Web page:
With less than a month until Wine Australia’s Norwegian Annual Tasting, we look at the growing popularity of organic wine in Sweden, Norway, Finland and Denmark.
The Nordic wine market is an attractive opportunity for many wine producers. Sweden, Norway, Finland and Denmark are known for their wealth, open-mindedness and high standard of living. Add that to a hearty level of wine consumption and you’ve got yourself a winning combination. The growing popularity of organic wine is now giving this region an added point of interest.
Sweden, with a population of 9.9 million, is not a large country, but they make up for it in their consumption rates. In 2016, Swedes consumed 22.8 litres per capita, or 227 million litres total, an increase of 1 per cent from the year before (Source: Euromonitor International). Australian exports to Sweden decreased by 8 per cent in the 2016–17 financial year to a value of $21 million. The decrease in value has been concentrated in bottled wine priced between $5 and $9.99 per litre FOB, decreasing by 39 per cent to $4.8 million. However, the value of exported wines priced between $10 to $14.99 has increased by 31 per cent to $933,000. Likewise, varieties such as Riesling, Semillon and Pinot Noir are experiencing growth rates of well over 50 per cent.
As with many developed nations, in Sweden there is a trend towards things that are natural and organic. Systembolaget, the Swedish alcohol monopoly, announced in 2013 that it aims to have certified organic products be 10 per cent of its offering by 2020. It has already achieved this goal. In 2016, Systembolaget’s organic wine sales increased by 21 per cent to 40 million litres. Sweden is Australia’s number one destination for organic wine; it receives a third of the exported value.
Organic product share of total offering at Systembolaget
Systembolaget has a strenuous process for choosing new wines to make up its offering. For a closer look at its tender tastings, see Meininger’s Wine Business International 2016 article.
While Denmark, Norway and Finland are smaller markets, they are experiencing similar market trends as Sweden: their total wine consumption growth rates are relatively steady and organic wines are making headway. According to Euromonitor International, organic wines in Denmark are growing well, with the Irma supermarket chain reporting a 20 per cent increase in organic wine sales. There are similar movements in the Norwegian and Finnish markets, although less pronounced.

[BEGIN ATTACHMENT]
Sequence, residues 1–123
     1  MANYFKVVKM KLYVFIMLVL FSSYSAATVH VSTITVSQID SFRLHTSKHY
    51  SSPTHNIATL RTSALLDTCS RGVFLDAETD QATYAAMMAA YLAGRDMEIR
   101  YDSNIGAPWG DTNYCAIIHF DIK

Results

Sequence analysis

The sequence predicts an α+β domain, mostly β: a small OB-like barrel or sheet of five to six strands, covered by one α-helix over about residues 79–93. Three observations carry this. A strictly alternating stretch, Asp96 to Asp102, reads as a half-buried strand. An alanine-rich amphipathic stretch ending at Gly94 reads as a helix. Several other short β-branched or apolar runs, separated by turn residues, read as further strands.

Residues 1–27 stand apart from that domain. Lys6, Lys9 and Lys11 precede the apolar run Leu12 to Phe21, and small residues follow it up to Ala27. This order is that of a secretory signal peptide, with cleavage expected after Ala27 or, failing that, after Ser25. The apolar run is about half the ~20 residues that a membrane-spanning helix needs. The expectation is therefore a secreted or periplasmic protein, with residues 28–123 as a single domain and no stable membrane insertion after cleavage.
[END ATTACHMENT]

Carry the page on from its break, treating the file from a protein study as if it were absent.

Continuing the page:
Australian wine exports to Denmark increased by 1 per cent to $23.2 million in the 2016–17 financial year, while exports to Finland increased by 7 per cent to $15.8 million. Norway experienced the biggest increase, improving by 24 per cent to $7 million. Interestingly, Australia exports more wine to Denmark than to Sweden, even though Sweden is a much bigger market.
After Sweden, Finland is the next Nordic country to receive the most organic Australian wine. In fact, the value of organic wine shipped to Finland has more than doubled in the past year to over $1 million. Norway emerged from receiving no organic exports last year to now receiving over $100,000 worth. Denmark, however, experienced a 31 per cent decrease to $70,000.
Wine Australia will be celebrating all that Australian wine has to offer with tastings in Sweden, Denmark, Norway and Finland in early October this year.
Given the focus on organic and natural wines in these markets, Wine Australia will be hosting a master class in each city on ‘Sustainable Australia’. Presented by Wine Australia’s Global Education Manager, this will showcase not only certified organic and biodynamic wines, but also explore the impact of climate change, the adoption of alternative varieties, and the use of water and dry farming. We will also have a focus table at the wider trade tasting showing the wines from the master class, other organic wines in the market and a range of artisanal wines. Guests will get a sneak peak into how the artisans and pioneering young guns are shaking up the Australian wine scene – from unusual grape varieties and ground-breaking methods to exciting new styles. Wines on show include Jauma, Ochoto Barrels, Eperosa, Timo Mayer and Ministry of Clouds. The sommeliers in Copenhagen in particular have embraced the natural and artisanal wine scene, influenced by the world leading restaurant Noma. And they’re not the only ones. More than 5000 people flocked to Noma’s highly anticipated Australian pop–up in Sydney last year, which had a wait list of 27,000 people.
Laura Jewell MW, Head of Market EMEA, said ‘we’re delighted to be back again in the Nordic countries this October, with even more wines, exhibitors and winemakers than last year. We hope the event demonstrates the excitement and diversity of contemporary Australian wine, and it reinforces the country’s reputation as a premium wine producer.’
More information about the Norwegian Annual Tasting (9 October 2017) is available here.